Summer vacation often leaves families looking for creative outlets for children.
According to Daniel Hahn, vice president of community engagement and education at Playhouse Square in Cleveland, and Jill Levin, program director at Lake Erie Ink in Cleveland Heights, artistic camps are a good option to consider.
Both said arts-based camps allow children of all ages to explore their sense of self and create.
“Arts-driven camps are good for any time of the year, but particularly in the summer," Hahn said. "They afford the opportunity for students to keep their skills sharp and develop their talents at a time when traditional classes are on hiatus.”
Levin said, “Arts camps that encourage creative expression, besides being just plain fun, have a special role in promoting kids’ sense of identity and encouraging them to articulate who they are and their point of view.”
Campers can also hope to learn skills that apply to other aspects of life.
“Arts-driven camps provide life skills across all areas, such as team building, conflict resolution and problem-solving,” Hahn explained. “You’re also building self-confidence and developing empathy. It’s impossible to portray another character in a scene or song without empathizing with their situation.”
Levin noted campers also are able to collaborate with others and see there is more than one way to approach issues or questions, as there is no one correct way to make art.
“They also learn the value of community and trust,” she added.
No two camps are the same, especially when it comes to art. Both professionals highlighted what makes their artistic-based camp unique.
At Lake Erie Ink, a nonprofit organization that provides creative expression through writing and storytelling, Levin said all their activities, including camps, are unique to their program.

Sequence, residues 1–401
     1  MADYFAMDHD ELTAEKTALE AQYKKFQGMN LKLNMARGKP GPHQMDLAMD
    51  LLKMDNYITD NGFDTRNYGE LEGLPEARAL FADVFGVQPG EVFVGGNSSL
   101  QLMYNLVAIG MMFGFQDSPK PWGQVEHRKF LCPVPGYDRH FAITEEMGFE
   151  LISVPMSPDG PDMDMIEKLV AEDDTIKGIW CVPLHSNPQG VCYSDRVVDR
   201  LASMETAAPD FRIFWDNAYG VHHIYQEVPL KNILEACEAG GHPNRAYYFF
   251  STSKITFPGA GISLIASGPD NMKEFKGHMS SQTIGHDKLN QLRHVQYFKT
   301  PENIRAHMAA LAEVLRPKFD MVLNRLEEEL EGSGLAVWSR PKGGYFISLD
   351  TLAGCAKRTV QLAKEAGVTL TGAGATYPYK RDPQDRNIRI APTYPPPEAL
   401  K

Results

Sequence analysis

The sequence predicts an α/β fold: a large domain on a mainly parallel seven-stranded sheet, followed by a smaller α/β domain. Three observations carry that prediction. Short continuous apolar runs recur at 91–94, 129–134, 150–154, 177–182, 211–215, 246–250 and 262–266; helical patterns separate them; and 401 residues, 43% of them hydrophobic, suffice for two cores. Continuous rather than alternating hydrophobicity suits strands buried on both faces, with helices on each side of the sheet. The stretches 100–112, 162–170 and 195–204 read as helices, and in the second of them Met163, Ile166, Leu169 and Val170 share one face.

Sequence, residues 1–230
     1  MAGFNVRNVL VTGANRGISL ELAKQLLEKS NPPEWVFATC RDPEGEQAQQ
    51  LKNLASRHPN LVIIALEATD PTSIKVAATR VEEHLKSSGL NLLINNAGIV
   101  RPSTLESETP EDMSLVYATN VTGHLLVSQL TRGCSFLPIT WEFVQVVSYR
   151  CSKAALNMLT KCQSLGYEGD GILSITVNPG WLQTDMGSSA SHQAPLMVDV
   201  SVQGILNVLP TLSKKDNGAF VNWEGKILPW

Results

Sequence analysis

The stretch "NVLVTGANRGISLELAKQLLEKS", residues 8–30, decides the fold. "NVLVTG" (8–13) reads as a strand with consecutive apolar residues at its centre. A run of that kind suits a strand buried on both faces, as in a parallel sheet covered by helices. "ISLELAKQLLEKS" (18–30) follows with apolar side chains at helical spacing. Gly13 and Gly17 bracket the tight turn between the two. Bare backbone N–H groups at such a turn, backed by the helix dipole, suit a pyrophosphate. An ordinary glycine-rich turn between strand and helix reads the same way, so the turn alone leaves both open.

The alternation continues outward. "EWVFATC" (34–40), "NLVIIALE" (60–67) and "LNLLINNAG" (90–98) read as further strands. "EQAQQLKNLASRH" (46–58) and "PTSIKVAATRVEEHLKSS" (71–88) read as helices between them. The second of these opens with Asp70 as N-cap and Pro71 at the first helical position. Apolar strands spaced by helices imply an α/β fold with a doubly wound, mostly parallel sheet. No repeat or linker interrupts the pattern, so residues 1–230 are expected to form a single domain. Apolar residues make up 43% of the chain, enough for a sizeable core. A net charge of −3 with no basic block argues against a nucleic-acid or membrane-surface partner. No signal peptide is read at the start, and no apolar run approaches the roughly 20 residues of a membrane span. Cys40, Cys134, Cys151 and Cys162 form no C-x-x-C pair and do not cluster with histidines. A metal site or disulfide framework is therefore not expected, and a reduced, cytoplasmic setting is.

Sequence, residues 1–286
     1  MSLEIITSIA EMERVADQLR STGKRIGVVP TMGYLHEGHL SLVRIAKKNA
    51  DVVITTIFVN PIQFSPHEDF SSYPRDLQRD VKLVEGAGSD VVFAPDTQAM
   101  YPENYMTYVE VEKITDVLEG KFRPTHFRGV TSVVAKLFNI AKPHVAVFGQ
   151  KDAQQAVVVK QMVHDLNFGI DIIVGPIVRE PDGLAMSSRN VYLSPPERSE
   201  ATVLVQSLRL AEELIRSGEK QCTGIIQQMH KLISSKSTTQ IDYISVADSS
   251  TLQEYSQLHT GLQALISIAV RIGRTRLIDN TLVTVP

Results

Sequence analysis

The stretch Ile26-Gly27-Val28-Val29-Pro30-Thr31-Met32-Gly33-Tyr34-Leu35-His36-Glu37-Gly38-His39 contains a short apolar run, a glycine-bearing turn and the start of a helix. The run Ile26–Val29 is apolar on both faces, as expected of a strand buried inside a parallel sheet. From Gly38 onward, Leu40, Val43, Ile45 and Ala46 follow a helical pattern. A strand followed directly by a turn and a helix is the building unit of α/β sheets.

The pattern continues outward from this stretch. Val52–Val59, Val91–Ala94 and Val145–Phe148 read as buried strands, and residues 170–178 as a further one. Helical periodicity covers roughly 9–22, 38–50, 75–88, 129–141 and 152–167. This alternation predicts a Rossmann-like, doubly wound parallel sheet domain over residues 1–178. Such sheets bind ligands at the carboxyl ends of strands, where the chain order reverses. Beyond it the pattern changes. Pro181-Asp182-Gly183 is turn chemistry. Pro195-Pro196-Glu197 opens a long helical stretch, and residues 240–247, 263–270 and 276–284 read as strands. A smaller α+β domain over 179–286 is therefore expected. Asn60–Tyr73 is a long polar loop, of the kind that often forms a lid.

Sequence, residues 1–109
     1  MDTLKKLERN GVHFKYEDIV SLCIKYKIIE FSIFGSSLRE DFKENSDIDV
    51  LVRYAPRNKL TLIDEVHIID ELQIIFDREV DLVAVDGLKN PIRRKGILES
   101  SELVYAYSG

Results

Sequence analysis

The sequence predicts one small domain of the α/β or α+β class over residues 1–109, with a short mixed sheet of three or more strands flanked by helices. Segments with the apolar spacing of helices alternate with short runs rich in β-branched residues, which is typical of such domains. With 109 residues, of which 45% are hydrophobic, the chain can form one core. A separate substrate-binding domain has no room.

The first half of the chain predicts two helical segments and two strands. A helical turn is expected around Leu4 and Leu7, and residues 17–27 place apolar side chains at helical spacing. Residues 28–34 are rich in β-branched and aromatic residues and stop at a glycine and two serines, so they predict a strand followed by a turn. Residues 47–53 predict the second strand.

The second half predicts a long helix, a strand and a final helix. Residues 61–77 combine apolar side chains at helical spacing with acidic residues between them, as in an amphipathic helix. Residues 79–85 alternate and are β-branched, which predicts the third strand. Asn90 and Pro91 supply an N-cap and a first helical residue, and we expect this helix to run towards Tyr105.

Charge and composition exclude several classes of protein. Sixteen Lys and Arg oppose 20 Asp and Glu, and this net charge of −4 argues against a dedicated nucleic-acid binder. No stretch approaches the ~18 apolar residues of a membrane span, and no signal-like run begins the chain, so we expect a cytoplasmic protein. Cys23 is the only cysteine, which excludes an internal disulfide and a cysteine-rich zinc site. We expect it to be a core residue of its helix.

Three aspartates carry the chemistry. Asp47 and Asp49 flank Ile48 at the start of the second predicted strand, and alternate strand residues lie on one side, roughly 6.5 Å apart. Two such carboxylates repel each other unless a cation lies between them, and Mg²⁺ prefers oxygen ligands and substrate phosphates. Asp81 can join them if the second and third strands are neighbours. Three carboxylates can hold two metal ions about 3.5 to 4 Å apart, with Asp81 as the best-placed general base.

“The range of topics is pretty remarkable,” she stated. “We offer ‘Comics for Kids’ and ‘Comics and Zines for Teens’ where we teach not only drawing but storytelling and character development. We also have a camp called ‘Writing the River,’ where teens get to focus on the amazing Cuyahoga River and Lake Erie, and reflect in writing about its power and role in Cleveland’s history.”
Additionally, Lake Erie Ink also provides its “Young Novelists” camp for writers in grades three to five.
“These kids get the chance to be taken seriously as writers, to think about their stories and characters, and to find a community of young writers like themselves,” Levin said.
For Playhouse Square campers, summer camp involves all things theater for high school students. Hahn said campers are in a “unique position” as they’re taught by the region’s most talented teaching artists and have access to Broadway casts.
“Our campers not only study with Broadway professionals during the day, but one evening during the camp week, they also attend a performance of the Broadway show, so they are seeing their teachers onstage delivering on what they are studying, which is an invaluable experience,” Hahn said. “How often do you get to work with the artists that later are performing for you?”
Hahn added at the end of the week, campers do a short performance sharing what they learned throughout the week.
Taking into account what each camp can offer by way of programming and support, parents can better select the correct camp for their child’s artistic interests.
“To choose, parents might want to present a limited variety of choices to their child and see what appeals, check the cost and finally the viability of getting their child to the camp,” Levin suggested. “We have parents come from all over the county and beyond to get to our unique programs.”
Hahn said, “Parents know their children best, so having an engaged conversation about not only what they enjoy but what they hope to get out of a specific camp experience is important.”